# ODE substitution question

I would appreciate any advice on the following ODE substitution question:
xy' = y + (x^2 + y^2)^.5
Dividing thru by x and using the usual y/x substitution, I get:
y' = v + (1 + v^2)^.5 but I don't know if that is right or how to integrate the left side. The book has the answer of y + (x^2 + y^2)^.5 = Cx^2
Am I not handling the radical correctly?

## Answers and Replies

It looks like you didn't differentiate implicitly correctly. You should have a step that looks like:

v+xdv/dx = v+sqrt(1+v^2)

then

x*dv/dx = sqrt(1+v^2)

You're right, I did leave that out but I think my problem is not knowing how to integrate that radical. I tried entering it in mathematica and it came up with a hyperbolic sine if I remember correctly, is that what you are seeing?

Whenever I see a constant + variable^2 underneath the radical, I think tangent substitution. See if that you takes you somewhere.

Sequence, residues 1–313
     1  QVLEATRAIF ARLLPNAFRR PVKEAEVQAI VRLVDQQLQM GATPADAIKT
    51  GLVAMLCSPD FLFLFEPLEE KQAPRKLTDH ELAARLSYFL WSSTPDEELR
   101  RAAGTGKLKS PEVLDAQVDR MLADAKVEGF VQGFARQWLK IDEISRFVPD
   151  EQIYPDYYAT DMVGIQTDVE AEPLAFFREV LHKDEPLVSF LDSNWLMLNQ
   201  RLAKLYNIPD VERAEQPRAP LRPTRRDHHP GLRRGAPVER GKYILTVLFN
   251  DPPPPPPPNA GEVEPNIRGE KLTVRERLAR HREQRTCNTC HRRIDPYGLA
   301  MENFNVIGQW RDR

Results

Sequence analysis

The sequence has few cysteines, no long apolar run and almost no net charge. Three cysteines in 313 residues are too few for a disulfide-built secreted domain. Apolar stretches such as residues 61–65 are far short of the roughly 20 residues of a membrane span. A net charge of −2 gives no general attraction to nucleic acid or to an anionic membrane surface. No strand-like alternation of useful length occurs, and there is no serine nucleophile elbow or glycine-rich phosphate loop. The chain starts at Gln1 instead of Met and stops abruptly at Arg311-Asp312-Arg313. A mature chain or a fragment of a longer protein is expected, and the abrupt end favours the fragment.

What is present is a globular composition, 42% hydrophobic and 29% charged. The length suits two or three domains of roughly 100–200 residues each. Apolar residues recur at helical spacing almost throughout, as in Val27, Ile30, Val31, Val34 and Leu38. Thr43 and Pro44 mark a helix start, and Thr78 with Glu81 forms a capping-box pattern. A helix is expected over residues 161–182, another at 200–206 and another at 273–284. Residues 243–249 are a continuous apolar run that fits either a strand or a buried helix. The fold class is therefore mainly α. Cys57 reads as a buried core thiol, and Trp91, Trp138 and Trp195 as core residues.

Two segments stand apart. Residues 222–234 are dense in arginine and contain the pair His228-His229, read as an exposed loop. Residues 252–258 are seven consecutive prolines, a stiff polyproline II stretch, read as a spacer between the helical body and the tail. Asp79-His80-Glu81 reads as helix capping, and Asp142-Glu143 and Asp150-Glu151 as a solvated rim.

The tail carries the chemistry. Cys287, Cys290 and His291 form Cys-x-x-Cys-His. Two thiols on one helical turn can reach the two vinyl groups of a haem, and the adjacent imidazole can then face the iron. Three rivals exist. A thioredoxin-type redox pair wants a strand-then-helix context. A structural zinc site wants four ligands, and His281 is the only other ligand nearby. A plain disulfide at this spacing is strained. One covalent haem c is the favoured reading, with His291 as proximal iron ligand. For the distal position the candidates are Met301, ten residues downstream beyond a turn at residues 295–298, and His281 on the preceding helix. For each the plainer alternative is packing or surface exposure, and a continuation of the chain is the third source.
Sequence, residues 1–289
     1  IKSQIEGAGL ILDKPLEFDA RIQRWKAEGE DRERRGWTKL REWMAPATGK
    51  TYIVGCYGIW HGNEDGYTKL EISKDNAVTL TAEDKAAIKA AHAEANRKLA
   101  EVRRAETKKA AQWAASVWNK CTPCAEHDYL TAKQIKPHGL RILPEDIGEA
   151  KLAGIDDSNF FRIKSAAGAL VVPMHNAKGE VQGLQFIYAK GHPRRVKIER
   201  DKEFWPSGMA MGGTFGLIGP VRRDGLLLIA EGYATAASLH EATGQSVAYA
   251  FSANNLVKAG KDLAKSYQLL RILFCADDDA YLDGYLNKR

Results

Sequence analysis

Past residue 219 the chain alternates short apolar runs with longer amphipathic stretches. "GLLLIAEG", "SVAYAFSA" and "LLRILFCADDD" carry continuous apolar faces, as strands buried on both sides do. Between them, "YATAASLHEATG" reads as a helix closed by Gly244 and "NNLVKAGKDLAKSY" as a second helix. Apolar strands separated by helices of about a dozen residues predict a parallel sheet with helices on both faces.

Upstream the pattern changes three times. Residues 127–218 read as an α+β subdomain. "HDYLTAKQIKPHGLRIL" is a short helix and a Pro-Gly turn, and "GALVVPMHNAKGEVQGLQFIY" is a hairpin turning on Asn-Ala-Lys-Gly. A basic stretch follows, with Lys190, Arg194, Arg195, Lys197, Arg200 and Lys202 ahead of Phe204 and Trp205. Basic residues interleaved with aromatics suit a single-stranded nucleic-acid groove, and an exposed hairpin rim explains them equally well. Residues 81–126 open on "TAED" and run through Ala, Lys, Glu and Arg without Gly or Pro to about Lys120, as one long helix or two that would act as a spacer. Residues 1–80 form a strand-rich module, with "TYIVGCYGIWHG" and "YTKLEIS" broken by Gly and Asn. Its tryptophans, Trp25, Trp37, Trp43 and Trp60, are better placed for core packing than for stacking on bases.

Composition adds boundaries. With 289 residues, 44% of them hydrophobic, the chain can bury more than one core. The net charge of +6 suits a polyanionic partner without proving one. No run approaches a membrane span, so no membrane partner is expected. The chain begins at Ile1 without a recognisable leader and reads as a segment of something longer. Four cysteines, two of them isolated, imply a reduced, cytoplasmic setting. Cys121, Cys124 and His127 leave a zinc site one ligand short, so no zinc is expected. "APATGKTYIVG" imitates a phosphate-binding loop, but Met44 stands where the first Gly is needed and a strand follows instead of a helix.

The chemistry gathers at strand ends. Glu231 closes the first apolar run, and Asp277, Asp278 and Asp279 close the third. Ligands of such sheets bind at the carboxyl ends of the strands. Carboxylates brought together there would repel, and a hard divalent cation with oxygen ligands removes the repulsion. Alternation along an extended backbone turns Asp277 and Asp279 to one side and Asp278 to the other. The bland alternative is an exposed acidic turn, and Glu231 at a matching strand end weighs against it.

dextercioby
Science Advisor
Homework Helper
Yes, the solution is in terms of hyperbolic sine.

Great. We "skipped" those in my Calc 2 class. If you'd be willing to opine on one other one that I am not getting right that I know doesn't involve a wild integral, I'd appreciate it. I'll post it here in a sec in this thread.

The solution doesn't have to be in terms of sinh. It can be a log.

Did you cover trig subs in your Calc2 class? That'll get you there--you don't need hyperbolics for it, though they "clean up" the end result.

x(x+y)y' + y(3x+y) = 0
I did the following steps:
x(x+y)y' = -y(3x+y)
Divide thru...
y' = -v * [ (3x+y)/(x+y) ]
Then I divided what was in the brackets by x, obtaining:
v + xv' = -v * (3 + v)/(1+v)
Speeding up a little, I get:
(1+v)/(3-v^2) dv = dx / x
I'm under the impression I need to split the left side into:
1/ (3-v^2) + v/(3-v^2) but again, I'm not sure I know how to do the integral.
The solutions manual does the whole thing in just a few steps using a method I haven't seen in my class but makes it look more simple than it really is.

dextercioby
Science Advisor
Homework Helper
The first integral can be expressed in terms of argtanh x, while the second one is very easy to integrate by a simple substitution.